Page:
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2017 was a stinky ye
Twenty-seven months ago Gov. Jay Inslee set out to curb emission of carbon pollutants through a sweeping rewrite of the state’s clean air rules.
Elected leaders of Washington’s 39 counties are fed up with lawmakers and governors telling them what to do without providing enough money to do it.
If you come to the state Capitol and want to see lawmakers in action, there are a few rules to follow while sitting in the galleries overlooking the Senate and the House floors.
A tax overhaul plan drawn up by Republicans in Congress will be a good deal for many households, though not every one, or nearly every one, as promised by its authors.
When the legal battle on education funding returned to the state Supreme Court Tuesday, the leader of Washington’s public school system was closely monitoring this installment of the McCleary drama from his office down the street.
Consequences of state lawmakers’ inability to bridge their differences, preventing passage of a capital budget and water rights bill, are far less theoretical these days.
Republican senators who are convinced Sound Transit leaders played fast and loose with facts about the agency’s light rail expansion plans got a chance last week to prosecute their argument in a court of public opinion.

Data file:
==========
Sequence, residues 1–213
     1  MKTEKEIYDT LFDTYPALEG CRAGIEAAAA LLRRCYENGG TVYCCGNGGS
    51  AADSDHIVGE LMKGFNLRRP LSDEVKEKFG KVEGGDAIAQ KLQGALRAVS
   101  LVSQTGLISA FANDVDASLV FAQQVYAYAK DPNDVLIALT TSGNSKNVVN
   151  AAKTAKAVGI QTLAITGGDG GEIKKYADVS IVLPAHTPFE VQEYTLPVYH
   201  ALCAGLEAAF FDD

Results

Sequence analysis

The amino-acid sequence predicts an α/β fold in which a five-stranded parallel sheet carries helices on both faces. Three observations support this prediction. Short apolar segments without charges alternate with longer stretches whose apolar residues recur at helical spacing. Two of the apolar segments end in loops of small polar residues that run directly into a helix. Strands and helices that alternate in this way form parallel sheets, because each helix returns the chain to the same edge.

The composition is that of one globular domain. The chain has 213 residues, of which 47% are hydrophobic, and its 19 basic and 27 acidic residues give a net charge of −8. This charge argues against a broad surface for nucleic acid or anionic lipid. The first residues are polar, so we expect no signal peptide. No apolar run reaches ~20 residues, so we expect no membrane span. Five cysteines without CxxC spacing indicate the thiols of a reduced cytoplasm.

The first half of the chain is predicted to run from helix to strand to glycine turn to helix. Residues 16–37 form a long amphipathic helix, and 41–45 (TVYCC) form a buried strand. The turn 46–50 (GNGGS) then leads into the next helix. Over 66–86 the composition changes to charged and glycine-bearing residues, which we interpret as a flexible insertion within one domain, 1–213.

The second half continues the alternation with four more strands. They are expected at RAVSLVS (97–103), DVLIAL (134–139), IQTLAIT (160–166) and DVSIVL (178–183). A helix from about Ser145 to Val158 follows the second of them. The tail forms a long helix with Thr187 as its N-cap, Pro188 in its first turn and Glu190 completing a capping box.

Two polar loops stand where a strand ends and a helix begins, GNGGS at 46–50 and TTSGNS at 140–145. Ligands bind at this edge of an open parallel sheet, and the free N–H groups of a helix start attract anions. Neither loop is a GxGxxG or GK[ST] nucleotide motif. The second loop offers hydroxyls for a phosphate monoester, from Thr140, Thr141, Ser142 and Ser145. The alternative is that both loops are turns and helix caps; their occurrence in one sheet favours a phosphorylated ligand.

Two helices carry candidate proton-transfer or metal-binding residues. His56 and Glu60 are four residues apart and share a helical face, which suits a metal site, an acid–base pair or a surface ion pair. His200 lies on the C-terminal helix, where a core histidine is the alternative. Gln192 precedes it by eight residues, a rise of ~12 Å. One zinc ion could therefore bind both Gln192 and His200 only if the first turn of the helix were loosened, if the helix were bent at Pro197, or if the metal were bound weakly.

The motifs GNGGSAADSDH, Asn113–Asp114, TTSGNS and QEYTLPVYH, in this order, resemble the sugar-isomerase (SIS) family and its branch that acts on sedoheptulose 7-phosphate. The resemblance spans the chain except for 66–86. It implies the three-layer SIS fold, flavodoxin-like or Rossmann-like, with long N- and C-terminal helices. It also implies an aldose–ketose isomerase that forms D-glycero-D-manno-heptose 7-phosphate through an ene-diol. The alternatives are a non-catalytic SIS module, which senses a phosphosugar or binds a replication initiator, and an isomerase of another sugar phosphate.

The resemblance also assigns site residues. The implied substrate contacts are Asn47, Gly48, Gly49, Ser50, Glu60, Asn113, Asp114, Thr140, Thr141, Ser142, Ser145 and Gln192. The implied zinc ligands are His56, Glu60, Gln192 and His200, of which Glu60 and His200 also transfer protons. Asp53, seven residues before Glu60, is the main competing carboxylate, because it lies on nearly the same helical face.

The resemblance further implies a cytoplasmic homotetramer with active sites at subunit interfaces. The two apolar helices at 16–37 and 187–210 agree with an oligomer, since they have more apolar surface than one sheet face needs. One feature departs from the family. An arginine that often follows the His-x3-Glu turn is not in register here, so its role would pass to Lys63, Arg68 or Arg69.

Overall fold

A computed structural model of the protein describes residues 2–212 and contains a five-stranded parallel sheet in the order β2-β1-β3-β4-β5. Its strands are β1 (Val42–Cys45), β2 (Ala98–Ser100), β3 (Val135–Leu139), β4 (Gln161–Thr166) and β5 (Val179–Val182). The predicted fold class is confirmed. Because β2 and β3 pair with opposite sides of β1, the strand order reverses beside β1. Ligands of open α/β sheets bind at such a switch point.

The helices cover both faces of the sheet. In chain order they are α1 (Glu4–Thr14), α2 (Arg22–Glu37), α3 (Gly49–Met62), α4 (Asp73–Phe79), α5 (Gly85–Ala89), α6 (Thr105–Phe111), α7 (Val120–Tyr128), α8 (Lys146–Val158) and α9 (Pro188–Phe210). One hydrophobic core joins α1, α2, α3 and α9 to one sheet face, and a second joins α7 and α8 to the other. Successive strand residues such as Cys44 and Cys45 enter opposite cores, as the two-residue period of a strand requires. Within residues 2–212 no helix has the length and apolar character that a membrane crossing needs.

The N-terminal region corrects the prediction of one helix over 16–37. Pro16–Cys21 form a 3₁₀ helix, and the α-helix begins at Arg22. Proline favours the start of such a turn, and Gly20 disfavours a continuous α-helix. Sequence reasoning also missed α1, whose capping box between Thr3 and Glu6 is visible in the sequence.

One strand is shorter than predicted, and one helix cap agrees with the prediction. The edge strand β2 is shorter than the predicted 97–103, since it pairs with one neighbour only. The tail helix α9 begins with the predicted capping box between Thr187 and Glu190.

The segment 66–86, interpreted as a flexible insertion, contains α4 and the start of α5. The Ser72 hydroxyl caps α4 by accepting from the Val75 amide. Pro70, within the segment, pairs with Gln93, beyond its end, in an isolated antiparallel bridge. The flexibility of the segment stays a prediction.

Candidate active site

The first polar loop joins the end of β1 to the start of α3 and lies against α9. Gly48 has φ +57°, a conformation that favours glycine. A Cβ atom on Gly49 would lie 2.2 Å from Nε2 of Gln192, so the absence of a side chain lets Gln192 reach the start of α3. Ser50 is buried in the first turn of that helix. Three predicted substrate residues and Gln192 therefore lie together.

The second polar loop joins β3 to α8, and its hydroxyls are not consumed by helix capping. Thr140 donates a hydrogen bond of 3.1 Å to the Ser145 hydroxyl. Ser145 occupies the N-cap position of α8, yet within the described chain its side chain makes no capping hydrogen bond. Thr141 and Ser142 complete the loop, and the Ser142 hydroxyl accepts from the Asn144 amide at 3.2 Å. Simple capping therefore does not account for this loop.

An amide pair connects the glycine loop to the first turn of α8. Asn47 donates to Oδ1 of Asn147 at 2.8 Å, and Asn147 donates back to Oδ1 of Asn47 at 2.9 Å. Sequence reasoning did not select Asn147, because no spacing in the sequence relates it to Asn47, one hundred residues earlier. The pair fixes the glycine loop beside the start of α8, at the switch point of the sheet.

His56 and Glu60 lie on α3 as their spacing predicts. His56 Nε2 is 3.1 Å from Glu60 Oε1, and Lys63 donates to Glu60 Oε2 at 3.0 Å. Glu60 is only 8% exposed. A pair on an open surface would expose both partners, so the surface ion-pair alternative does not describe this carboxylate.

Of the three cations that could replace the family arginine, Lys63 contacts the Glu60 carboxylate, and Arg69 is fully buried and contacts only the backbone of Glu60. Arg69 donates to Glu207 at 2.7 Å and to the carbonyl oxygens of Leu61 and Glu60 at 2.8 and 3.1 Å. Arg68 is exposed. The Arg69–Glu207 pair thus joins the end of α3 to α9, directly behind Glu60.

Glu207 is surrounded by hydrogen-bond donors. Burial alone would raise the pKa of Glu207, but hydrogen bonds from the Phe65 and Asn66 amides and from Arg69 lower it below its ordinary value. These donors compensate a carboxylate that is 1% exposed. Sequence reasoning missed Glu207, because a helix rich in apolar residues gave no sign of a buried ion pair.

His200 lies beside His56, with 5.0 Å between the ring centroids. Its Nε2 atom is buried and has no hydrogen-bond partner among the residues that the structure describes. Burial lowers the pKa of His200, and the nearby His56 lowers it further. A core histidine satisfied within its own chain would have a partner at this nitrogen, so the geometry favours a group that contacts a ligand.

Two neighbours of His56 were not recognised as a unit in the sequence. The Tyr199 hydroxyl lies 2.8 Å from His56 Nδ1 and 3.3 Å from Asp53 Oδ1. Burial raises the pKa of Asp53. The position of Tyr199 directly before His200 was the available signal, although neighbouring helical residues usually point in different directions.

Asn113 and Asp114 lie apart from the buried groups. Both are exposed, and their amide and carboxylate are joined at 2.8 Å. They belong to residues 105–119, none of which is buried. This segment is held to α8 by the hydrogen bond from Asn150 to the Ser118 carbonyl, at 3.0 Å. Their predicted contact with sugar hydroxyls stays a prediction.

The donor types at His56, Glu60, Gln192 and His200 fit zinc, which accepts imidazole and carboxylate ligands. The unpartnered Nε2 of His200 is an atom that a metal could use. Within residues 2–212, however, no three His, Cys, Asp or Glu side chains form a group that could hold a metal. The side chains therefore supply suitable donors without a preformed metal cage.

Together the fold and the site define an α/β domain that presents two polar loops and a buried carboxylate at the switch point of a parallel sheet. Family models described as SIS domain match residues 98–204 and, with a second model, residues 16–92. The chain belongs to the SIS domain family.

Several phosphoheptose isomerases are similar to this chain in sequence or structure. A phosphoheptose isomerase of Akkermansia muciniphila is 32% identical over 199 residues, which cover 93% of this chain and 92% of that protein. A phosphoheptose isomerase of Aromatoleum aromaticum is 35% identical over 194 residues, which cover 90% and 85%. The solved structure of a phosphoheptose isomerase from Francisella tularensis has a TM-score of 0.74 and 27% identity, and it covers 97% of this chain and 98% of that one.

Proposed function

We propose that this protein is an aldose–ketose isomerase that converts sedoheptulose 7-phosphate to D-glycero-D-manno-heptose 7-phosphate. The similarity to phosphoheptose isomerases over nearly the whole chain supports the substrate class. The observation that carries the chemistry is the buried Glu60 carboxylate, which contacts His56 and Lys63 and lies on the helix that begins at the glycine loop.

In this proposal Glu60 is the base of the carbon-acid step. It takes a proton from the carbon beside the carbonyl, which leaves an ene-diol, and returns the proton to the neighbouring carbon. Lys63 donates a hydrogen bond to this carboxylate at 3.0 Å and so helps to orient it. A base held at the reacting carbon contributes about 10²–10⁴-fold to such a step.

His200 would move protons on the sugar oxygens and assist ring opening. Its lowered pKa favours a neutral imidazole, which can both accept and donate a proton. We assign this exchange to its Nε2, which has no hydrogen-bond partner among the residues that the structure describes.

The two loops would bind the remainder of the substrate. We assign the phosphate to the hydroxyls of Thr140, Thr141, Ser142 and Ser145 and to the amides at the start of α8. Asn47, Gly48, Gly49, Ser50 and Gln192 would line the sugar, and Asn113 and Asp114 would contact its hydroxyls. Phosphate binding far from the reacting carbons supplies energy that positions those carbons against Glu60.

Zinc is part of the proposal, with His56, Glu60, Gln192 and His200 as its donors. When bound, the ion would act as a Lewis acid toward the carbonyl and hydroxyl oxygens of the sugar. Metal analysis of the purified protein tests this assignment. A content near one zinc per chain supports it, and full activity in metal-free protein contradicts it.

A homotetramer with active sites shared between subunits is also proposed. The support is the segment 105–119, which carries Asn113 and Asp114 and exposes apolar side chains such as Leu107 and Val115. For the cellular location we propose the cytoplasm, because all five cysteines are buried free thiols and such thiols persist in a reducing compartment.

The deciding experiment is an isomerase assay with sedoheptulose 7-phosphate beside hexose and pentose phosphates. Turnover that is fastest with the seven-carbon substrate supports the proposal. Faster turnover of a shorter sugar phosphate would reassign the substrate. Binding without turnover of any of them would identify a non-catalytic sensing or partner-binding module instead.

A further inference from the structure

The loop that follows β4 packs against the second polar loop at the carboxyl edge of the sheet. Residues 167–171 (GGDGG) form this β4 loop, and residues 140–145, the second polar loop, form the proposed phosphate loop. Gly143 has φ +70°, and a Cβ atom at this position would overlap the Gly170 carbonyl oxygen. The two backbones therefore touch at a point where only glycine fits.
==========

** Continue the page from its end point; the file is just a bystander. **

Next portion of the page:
A top-shelf member of Republican President Donald Trump’s administration is coming to Washington to share her convictions, champion her boss’ accomplishments and inflame hearts of their political foes.
Jay Inslee has been back on the road this week with his “Ain’t Got No Capital Budget Blues” Tour.
A presidential pardon in hand, Arizona’s “Sheriff Joe” may be getting ready to hitch up his spurs for another campaign.
The state’s new law
Any day now, Washington state lawmakers will reveal how they solved the McCleary Rubik’s Cube.
Some Democratic lawmakers want to know if they can legally keep President Donald Trump’s name off the ballot in Washington in 2020 if he doesn’t release his tax returns.
In the stack of bills awaiting Democratic Gov. Jay Inslee’s signature is what one supporter described as the “most progressive democracy measure” emerging from the Legislature this year.
Another special session is upon us. Truthfully, it’s been going on for awhile among those in the fraternity of lawmakers, lobbyists and legislative staff toiling in the state Capitol. They’re all used to not finishing on time — which this year meant by April 23 — and a few don’t know any other way.
As the ruling majority in the state Senate, Republicans can bring up pretty much what they want on the floor when they please.
The next episode in a political drama sparked by President Donald Trump’s election was take place in a Tacoma office building Friday.
This may surprise you but one thing legislative leaders and the governor agree on is that new taxes are needed to help cover the state’s unpaid tab for public schools.
Maybe it’s the constitutional scrap incited by the McCleary school funding decision. Maybe it’s the constitutional commotion ignited by President Donald Trump’s travel ban executive order.